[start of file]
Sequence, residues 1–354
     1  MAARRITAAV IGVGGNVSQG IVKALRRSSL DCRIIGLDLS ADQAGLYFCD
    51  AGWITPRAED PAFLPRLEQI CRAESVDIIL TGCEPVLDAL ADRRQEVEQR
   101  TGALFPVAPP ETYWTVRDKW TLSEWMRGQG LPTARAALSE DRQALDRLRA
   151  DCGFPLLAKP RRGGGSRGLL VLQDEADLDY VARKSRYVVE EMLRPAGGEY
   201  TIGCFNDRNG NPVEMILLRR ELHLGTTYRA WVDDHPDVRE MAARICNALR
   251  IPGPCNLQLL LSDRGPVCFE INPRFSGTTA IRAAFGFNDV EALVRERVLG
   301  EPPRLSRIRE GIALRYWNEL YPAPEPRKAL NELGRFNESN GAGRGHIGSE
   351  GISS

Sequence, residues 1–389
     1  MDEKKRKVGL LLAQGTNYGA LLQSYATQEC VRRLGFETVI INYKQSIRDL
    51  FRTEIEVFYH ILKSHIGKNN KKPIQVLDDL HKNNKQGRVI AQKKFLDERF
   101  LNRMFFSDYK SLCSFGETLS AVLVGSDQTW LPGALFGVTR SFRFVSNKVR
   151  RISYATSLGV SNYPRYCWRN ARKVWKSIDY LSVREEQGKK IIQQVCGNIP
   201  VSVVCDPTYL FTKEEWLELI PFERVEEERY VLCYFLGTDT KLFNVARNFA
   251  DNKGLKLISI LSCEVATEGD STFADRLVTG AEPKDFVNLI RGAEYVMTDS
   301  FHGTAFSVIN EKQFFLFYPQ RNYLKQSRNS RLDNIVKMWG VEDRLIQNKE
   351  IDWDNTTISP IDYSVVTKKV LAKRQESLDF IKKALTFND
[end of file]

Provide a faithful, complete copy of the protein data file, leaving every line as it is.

Sequence, residues 1–354
     1  MAARRITAAV IGVGGNVSQG IVKALRRSSL DCRIIGLDLS ADQAGLYFCD
    51  AGWITPRAED PAFLPRLEQI CRAESVDIIL TGCEPVLDAL ADRRQEVEQR
   101  TGALFPVAPP ETYWTVRDKW TLSEWMRGQG LPTARAALSE DRQALDRLRA
   151  DCGFPLLAKP RRGGGSRGLL VLQDEADLDY VARKSRYVVE EMLRPAGGEY
   201  TIGCFNDRNG NPVEMILLRR ELHLGTTYRA WVDDHPDVRE MAARICNALR
   251  IPGPCNLQLL LSDRGPVCFE INPRFSGTTA IRAAFGFNDV EALVRERVLG
   301  EPPRLSRIRE GIALRYWNEL YPAPEPRKAL NELGRFNESN GAGRGHIGSE
   351  GISS

Sequence, residues 1–389
     1  MDEKKRKVGL LLAQGTNYGA LLQSYATQEC VRRLGFETVI INYKQSIRDL
    51  FRTEIEVFYH ILKSHIGKNN KKPIQVLDDL HKNNKQGRVI AQKKFLDERF
   101  LNRMFFSDYK SLCSFGETLS AVLVGSDQTW LPGALFGVTR SFRFVSNKVR
   151  RISYATSLGV SNYPRYCWRN ARKVWKSIDY LSVREEQGKK IIQQVCGNIP
   201  VSVVCDPTYL FTKEEWLELI PFERVEEERY VLCYFLGTDT KLFNVARNFA
   251  DNKGLKLISI LSCEVATEGD STFADRLVTG AEPKDFVNLI RGAEYVMTDS
   301  FHGTAFSVIN EKQFFLFYPQ RNYLKQSRNS RLDNIVKMWG VEDRLIQNKE
   351  IDWDNTTISP IDYSVVTKKV LAKRQESLDF IKKALTFND